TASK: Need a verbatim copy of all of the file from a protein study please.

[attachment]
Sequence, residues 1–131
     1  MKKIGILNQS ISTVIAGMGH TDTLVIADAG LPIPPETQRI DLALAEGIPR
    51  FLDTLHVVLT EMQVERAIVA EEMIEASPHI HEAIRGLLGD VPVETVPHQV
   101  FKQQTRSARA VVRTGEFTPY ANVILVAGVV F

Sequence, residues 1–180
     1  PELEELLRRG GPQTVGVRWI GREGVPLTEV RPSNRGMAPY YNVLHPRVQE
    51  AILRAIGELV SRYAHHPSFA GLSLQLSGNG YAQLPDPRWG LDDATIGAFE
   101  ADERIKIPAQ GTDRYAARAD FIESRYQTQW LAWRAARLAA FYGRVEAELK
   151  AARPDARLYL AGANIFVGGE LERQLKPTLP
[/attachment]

Sequence, residues 1–131
     1  MKKIGILNQS ISTVIAGMGH TDTLVIADAG LPIPPETQRI DLALAEGIPR
    51  FLDTLHVVLT EMQVERAIVA EEMIEASPHI HEAIRGLLGD VPVETVPHQV
   101  FKQQTRSARA VVRTGEFTPY ANVILVAGVV F

Sequence, residues 1–180
     1  PELEELLRRG GPQTVGVRWI GREGVPLTEV RPSNRGMAPY YNVLHPRVQE
    51  AILRAIGELV SRYAHHPSFA GLSLQLSGNG YAQLPDPRWG LDDATIGAFE
   101  ADERIKIPAQ GTDRYAARAD FIESRYQTQW LAWRAARLAA FYGRVEAELK
   151  AARPDARLYL AGANIFVGGE LERQLKPTLP